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Autonomy slips on missed forecasts but banks lift FTSE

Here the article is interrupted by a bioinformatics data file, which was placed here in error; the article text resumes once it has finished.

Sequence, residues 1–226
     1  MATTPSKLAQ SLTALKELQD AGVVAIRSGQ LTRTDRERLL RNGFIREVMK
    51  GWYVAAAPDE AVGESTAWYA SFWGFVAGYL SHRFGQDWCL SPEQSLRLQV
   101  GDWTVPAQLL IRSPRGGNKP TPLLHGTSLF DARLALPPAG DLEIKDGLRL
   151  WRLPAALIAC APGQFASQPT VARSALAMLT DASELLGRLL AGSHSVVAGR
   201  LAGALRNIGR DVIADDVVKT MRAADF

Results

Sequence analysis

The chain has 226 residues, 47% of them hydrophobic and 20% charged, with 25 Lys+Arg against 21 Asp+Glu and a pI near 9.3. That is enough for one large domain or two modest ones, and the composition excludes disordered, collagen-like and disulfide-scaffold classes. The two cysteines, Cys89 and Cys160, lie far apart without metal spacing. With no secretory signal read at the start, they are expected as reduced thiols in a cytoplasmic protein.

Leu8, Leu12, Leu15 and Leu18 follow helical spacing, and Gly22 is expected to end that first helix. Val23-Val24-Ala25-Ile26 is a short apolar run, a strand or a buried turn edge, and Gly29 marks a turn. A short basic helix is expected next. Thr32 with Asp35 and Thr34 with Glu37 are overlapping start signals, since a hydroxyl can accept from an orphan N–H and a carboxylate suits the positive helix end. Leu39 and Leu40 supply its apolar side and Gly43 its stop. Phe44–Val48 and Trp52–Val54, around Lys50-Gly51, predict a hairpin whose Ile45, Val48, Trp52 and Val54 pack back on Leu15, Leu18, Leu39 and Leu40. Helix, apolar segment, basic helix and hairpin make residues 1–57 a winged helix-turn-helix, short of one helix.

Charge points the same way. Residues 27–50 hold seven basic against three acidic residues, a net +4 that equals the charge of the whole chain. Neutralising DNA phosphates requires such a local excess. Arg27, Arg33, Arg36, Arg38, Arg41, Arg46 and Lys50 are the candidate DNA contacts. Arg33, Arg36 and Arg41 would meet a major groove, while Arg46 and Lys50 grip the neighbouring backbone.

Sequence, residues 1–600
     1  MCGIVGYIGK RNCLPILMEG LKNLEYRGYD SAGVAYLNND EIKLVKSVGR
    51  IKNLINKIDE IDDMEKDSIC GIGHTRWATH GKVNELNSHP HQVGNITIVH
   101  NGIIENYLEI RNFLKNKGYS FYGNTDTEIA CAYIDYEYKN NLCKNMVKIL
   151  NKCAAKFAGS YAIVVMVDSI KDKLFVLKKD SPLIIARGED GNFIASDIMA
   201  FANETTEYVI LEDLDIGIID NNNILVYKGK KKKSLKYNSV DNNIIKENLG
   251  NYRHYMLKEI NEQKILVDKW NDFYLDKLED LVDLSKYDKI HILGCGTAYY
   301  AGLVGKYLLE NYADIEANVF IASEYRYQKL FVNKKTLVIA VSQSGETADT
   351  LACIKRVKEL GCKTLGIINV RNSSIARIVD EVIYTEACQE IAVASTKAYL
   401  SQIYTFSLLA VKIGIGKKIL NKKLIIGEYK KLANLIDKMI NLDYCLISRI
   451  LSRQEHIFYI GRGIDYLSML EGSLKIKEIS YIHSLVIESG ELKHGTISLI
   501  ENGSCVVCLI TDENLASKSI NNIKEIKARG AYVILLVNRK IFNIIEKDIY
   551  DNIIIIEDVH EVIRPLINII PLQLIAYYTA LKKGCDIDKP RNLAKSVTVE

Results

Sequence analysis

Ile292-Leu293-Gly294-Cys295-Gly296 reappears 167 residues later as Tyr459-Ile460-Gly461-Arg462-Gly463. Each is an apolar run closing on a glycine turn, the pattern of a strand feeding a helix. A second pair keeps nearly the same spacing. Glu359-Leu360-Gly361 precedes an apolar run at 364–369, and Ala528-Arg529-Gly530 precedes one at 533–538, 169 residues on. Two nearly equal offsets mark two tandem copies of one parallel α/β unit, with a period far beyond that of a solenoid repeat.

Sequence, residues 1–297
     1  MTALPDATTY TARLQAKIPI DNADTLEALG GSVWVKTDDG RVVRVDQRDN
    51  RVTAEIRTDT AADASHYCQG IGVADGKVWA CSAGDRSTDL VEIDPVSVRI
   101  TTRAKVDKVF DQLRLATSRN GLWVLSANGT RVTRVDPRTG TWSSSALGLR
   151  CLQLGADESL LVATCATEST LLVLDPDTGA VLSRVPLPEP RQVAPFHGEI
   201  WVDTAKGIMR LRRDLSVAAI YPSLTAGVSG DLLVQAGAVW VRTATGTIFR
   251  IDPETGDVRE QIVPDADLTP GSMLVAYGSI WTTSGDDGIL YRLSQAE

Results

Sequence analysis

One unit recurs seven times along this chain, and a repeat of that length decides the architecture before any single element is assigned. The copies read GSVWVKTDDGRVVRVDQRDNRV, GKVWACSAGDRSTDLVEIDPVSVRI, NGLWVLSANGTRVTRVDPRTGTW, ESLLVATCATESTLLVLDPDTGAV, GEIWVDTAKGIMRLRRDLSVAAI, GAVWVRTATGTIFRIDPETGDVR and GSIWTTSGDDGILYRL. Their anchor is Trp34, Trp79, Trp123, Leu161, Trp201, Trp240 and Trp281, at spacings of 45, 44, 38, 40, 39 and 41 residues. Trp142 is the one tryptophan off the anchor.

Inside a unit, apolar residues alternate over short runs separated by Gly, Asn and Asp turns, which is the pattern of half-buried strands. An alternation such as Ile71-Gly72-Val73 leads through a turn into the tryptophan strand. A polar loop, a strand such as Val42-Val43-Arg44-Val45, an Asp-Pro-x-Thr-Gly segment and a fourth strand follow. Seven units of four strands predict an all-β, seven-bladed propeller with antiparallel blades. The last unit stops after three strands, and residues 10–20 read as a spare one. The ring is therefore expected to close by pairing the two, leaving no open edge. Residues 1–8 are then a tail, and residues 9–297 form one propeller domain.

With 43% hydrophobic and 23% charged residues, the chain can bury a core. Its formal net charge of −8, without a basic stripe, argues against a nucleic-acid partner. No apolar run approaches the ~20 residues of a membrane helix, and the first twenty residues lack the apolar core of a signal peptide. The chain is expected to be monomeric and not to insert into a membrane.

UPBEAT results from <strong>JP Morgan</strong> boosted banks while energy and pharmaceutical stocks also gained, leading Britain&rsquo;s top share index to close at a one-month high, up for a fourth session yesterday.<br /><br />&nbsp;The index was trading in slightly negative territory in early trade but the <strong>JP Morgan</strong> results which were announced around mid-session lifted the FTSE 100 which closed 0.35 per cent, or 15.38 points up at 4,361.84.<br /><br />The index shrugged off weak US factory activity data which hit stocks on Wall Street; the FTSE 100 is up 5.7 per cent on the week and is set for its best weekly performance in four months.<br /><br />Investors will look to second-quarter results from <strong>IBM</strong> and <strong>Google</strong> after US markets close for more clues on the corporate outlook and whether shares can continue their upward trajectory. &ldquo;It all depends on how good the results from IBM and Google are,&rdquo; said Nick Serff, analyst from City Index. &ldquo;The results this week have been good and more positive results should see consolidation of the gains.&rdquo;<br /><br />&nbsp;<strong>Citigroup, General Electric</strong> and <strong>Bank of America</strong> report today. Banks were the biggest driver of gains, continuing the bull run from the last couple of sessions following the results from <strong>JP Morgan. HSBC, Barclays</strong> and <strong>Lloyds Banking Group</strong> added between 0.6 and 1.7 per cent.<br /><br />Among other financials, <strong>Schroders</strong> climbed 3.3 per cent, after <strong>Citigroup</strong> raised the fund firm to &ldquo;buy&rdquo; from &ldquo;sell&rdquo;. Energy stocks were also among stocks in positive ground, with crude oil stable above $61 per barrel. Heavyweights <strong>Royal Dutch Shell</strong> and <strong>BP</strong> added 0.5 and 0.9 per cent respectively.<br /><br />&nbsp;Oil services company <strong>Petrofac</strong> was the top riser, gaining 5.3 per cent after it said its <strong>Petrofac Emirates</strong> unit, in partnership with <strong>GS E&amp;C,</strong> was awarded a $2.1bn Abu Dhabi integrated gas development contract.<br /><br />But mining firms took the most points off the index as doubts still hovered over the demand outlook for metals. <strong>Anglo American, Kazakhmys</strong> and <strong>Rio Tinto</strong> lost between 0.6 and 2.3 per cent.<br /><br />UK software firm <strong>Autonomy</strong> was the biggest faller on the index, down 8.6 per cent, as analysts said although the firm reported second-quarter revenue which was in line with expectations, it missed a number of top-end estimates, and the market expected more from its outlook.<br /><br />&nbsp;Risk appetite, while slightly improved, was still fragile, leading investors to move into defensive pharmaceutical and tobacco stocks.